Blue Drink: Get Her Off The Stage

We’re a little bit late here, but Hillary Clinton made an appearance at Recode last week, coming out swinging at Russia, Facebook’s fake news problem, and her email scandal, proving that Trump is not the only candidate from the 2016 presidential election who can’t move on.

Perhaps most importantly, having Hillary Clinton acting sour in defeat, instead of going high, like Michelle Obama would do, cements the image of Clinton as an entitled establishmentarian in the minds of moderate Republicans who, like me, voted Democratic in the last election, not because we supported the candidate, but because we didn’t want Trump to win. If the center of the country keeps seeing videos of Clinton pandering to her base and wallowing, it will push moderate votes Democrats need in 2018 further away. Get her off the stage and out of the spotlight, ASAP, and find someone new (i.e. without baggage) to be the party’s standard bearer.

Silver Linings: Melania Goes to DC

Next week, Melania will finally be moving to into the White House with Baron. Commenters seem to think she’ll be a stabilizing force in the White House. We can only hope. At a bare minimum, it’ll save some taxpayer dollars on travel and security.

Drink of the Week: Liar’s Cocktail

Get it? Because Comey accused Trump of lying. You’ll need:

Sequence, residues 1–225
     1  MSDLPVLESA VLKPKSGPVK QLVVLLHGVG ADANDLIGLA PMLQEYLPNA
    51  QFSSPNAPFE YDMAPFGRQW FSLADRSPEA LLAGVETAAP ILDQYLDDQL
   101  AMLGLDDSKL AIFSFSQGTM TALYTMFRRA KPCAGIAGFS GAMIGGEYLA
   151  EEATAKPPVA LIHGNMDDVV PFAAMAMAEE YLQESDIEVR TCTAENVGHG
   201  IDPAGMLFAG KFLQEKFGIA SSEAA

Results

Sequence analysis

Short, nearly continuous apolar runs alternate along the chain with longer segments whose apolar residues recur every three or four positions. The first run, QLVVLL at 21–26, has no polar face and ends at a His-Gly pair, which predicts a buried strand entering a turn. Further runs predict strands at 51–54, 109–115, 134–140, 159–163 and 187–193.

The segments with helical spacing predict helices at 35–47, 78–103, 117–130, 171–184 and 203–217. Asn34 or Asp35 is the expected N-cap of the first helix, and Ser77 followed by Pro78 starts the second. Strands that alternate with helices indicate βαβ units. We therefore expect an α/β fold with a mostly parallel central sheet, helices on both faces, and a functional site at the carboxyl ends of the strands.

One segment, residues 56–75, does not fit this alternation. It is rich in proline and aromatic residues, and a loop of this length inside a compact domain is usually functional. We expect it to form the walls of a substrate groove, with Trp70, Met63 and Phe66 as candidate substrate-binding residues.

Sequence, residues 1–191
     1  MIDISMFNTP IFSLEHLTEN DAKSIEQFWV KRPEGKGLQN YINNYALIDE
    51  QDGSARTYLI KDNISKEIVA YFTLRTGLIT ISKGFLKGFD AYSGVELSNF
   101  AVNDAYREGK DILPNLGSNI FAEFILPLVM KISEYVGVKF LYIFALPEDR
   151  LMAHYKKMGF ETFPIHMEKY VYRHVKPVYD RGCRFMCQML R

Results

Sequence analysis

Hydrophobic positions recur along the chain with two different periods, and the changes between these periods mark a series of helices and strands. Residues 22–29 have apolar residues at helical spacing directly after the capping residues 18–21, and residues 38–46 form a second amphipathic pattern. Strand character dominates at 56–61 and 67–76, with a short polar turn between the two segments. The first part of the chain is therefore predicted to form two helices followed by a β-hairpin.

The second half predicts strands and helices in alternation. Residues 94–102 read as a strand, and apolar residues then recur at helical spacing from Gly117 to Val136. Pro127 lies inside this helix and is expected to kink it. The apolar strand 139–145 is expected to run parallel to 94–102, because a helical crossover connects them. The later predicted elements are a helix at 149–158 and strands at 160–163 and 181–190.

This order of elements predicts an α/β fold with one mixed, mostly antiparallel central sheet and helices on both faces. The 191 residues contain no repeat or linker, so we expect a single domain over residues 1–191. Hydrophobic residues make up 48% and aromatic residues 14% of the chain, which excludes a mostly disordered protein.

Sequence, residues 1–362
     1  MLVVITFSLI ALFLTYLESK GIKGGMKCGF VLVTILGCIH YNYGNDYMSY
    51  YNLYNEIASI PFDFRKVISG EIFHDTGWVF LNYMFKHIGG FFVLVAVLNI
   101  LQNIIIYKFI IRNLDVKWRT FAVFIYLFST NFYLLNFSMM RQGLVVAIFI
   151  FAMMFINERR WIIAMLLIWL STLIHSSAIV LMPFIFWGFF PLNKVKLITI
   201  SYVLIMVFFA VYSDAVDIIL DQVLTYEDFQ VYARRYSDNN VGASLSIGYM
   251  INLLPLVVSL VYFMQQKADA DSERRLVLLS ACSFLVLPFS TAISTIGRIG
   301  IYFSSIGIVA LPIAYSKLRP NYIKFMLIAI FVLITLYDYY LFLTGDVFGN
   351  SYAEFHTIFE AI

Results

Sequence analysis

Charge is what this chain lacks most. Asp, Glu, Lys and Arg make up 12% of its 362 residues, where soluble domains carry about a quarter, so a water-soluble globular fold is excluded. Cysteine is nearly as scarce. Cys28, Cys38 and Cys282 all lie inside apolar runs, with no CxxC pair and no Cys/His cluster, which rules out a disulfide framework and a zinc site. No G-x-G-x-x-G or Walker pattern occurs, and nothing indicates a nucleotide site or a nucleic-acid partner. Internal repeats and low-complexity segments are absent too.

• 1½  oz gin
  • ½ oz dry vermouth
  • ¼ oz Cointreau
  • ¼ oz sweet vermouth

Stir in a mixing glass with ice, and strain into a cocktail glass

Do Something About It

As always, we at Red Drink, Blue Drink encourage you, our devoted readers, to not only have a good drink, but to put that subsequent energy spike and loosened inhibition to good use! Our Take Action! page links to organizations we believe can help those affected in our stories above (especially victims of non-existent terrorist attacks), and we encourage you to be active in your own way to support causes that are important to you.

Weekly News Roundup and Smog Cutter Cocktail

Fighting climate change with denial, ordering federal agencies not to talk to Democrats, and Joe Biden starting to take Democratic limelight again. Oh, and Covfefe. This week was like being stuck through the looking glass, where time runs backwards, and democracy means autocracy because the Walrus and the Carpenter said it’s opposite day.

One Drink: Covfefe

On Wednesday, the Internet, cable news, and humanity at large, was convulsed with one singular driving question: what is “covfefe?”